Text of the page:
User Area Dial?

  • On 25/12/2015 at 12:25, xxxxxxxx wrote:

    C4D's API is wanting in many areas.  If you looked at my code, you see that I had to draw the circle for the dial myself using the Symmetric Midpoint algorithm.  Worse is that since there is no DrawPoint() or DrawPixel() method for the GeUserArea, I had to use DrawLine() and double the coordinates.  Hackish at best.

    Speaking of hackish, maybe a possible solution is in bit-blitting sub-images?  You could make an image containing a block for each dial position (360 little composite does suck).  Then you simply index into the image to get the block that represents the dial angle.  Trade time doing rotation transforms with memory to store the bitmap image.  Just a thought.

  • On 25/12/2015 at 12:51, xxxxxxxx wrote:

    Yeah. I noticed there's not even a circle or ellipse function for it. It's really awful.
    But since this thing was written back in the 90's. I sort of give it a break. It was probably state of the art back in it's day.
    I wish Maxon would just bite the bullet and partner with Qt like Autodesk did. And allow Qt handle all of it's gui stuff. But that's probably never going to happen.

    Perhaps someone from Maxon support could tell me if it's even possible to create an object with transforms for the UA?
    The docs say that we can use the UA to host our own objects. But nothing on how to actually do it.


  • On 29/12/2015 at 08:13, xxxxxxxx wrote:


    To draw to bitmaps you can use the BaseBitmap class low-level drawing functions (SetPixel(), SetAlphaPixel()).
    Also don't forget GeClipMap class exists to draw even more stuff.
    Then draw the bitmap using GeUserArea::DrawBitmap() with the appropriate mode.

    Originally posted by xxxxxxxx

    Perhaps someone from Maxon support could tell me if it's even possible to create an object with transforms for the UA?
    The docs say that we can use the UA to host our own objects. But nothing on how to actually do it.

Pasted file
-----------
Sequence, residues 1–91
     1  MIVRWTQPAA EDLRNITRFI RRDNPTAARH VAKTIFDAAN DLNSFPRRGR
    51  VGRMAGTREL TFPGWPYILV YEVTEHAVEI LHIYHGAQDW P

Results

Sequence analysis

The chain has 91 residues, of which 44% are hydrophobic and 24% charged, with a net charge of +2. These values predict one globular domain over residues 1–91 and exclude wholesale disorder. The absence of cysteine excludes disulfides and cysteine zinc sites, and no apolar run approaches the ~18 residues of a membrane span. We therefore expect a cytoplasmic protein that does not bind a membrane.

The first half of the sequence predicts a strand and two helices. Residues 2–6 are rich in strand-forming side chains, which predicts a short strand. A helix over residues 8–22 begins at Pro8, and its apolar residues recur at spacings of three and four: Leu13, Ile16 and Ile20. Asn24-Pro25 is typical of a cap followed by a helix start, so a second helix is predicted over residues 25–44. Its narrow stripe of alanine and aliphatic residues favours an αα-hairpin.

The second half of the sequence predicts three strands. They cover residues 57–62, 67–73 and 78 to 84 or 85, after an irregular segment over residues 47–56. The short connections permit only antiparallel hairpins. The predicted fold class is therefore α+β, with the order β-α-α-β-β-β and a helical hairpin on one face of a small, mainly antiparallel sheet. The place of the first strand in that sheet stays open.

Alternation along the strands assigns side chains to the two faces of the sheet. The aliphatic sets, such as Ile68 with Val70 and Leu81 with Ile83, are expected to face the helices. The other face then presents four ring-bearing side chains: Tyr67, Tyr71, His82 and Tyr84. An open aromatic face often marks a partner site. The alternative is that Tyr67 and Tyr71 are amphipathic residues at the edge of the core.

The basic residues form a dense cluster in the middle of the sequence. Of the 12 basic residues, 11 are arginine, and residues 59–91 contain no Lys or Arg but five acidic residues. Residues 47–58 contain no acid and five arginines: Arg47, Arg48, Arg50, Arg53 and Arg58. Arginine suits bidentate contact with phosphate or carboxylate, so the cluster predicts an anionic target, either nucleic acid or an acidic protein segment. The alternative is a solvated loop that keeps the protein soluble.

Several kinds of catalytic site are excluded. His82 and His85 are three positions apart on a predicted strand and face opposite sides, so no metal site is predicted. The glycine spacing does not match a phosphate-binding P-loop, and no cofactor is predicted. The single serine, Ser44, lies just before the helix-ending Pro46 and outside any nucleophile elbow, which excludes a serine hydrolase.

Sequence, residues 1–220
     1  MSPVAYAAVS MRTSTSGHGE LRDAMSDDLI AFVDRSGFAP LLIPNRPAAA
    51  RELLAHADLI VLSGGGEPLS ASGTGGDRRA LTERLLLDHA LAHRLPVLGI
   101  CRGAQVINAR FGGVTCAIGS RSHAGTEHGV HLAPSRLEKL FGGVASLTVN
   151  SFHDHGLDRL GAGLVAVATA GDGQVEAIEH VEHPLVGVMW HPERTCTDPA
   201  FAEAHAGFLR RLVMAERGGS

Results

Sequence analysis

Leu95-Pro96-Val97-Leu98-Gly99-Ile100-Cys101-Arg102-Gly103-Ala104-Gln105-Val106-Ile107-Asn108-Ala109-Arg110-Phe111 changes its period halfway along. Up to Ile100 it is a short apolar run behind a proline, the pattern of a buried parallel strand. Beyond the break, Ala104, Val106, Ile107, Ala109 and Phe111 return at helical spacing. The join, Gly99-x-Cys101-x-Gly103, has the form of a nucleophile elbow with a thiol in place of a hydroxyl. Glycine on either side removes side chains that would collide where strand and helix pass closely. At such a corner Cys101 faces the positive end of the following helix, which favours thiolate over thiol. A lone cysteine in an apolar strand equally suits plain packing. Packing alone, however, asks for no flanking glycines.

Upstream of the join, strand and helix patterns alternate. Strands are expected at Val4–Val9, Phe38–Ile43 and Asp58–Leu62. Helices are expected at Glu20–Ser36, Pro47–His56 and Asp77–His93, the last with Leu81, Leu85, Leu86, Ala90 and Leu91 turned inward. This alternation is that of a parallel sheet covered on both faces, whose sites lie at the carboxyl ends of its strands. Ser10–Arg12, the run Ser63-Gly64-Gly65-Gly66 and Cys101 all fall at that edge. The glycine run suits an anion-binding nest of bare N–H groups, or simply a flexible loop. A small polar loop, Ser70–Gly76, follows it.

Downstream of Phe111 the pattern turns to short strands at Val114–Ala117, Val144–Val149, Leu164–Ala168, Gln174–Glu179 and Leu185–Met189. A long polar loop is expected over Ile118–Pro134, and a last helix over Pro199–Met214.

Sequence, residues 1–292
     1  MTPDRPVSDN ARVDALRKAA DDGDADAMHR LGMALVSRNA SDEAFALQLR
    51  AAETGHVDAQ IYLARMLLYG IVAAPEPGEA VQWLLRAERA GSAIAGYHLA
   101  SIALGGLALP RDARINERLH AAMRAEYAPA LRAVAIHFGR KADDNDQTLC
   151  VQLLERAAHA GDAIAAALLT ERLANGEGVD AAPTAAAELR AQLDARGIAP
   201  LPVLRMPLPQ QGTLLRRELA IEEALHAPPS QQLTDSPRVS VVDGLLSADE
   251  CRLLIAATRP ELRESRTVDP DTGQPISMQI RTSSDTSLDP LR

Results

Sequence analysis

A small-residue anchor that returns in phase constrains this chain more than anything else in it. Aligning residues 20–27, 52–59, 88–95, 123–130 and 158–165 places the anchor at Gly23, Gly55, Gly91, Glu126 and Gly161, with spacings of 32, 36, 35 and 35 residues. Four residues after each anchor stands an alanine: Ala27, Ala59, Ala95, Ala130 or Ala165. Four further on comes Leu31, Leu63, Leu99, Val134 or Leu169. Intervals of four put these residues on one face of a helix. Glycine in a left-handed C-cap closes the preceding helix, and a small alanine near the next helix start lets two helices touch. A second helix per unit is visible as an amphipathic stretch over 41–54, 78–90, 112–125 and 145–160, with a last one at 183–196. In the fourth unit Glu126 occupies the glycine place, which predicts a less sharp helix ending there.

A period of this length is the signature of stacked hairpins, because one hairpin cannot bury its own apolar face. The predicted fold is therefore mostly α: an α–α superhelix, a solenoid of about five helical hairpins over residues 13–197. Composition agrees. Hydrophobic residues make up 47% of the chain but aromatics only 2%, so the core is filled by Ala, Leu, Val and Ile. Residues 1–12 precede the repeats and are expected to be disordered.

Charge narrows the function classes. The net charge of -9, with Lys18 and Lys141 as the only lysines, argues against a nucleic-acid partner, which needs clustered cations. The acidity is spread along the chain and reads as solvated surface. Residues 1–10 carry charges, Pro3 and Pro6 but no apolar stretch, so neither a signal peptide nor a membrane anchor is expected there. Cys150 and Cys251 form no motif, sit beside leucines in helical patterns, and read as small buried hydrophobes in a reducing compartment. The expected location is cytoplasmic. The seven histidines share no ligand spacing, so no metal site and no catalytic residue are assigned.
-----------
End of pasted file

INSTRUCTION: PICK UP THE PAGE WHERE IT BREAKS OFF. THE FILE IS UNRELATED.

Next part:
If you want to draw a bitmap with special transform that's something completely up to your implementation.
    The GeUserArea only draws pixels and doesn't know what's really drawn. It doesn't keep any information on the drawn lines, bitmaps, text, etc.
    To draw a bitmap with different transforms implement a struct or class to hold the bitmap and the special setup for its transform (just like Robert already told you).
    Then use this information to draw the transformed bitmap (by your own algorithm, the API doesn't provide this).

  • On 29/12/2015 at 08:34, xxxxxxxx wrote:

    If I wanted to create my own UA object with it's own transforms. The first thing I need to know is what base class do I extend?
    And If I create my own object. And then add instances of it to the UA. Can I get at all of those instances by iterating through the UA class somehow?
    Or do I need to create my own container to hosts all of the instances?

    I need more information than "Create a class".


  • On 29/12/2015 at 09:56, xxxxxxxx wrote:

    I don't know where you got the idea of a UA 'object'.  The UserArea is simply a UI region into which you can draw and respond to user input.  The objects, if we can say that, are simply your own class instances reacting within the UA.  For instance, my one excursion used a UserArea as a realm for nodes (much like Xpresso's system).  Each node was an instance of my node class containing its parameters and information on the location, size, states of the node for display in the UA as well the connections between them.  All of the display code was part of the methods in the node class called from the UA as it iterated through the node list.  When the user clicked over, say, the head of the node, I would find out if the click was over a node, where in the node, and react appropriately.  Over the head, move the node.  Over a input-output connection, either start a connection line or disconnect if one existed already, etc.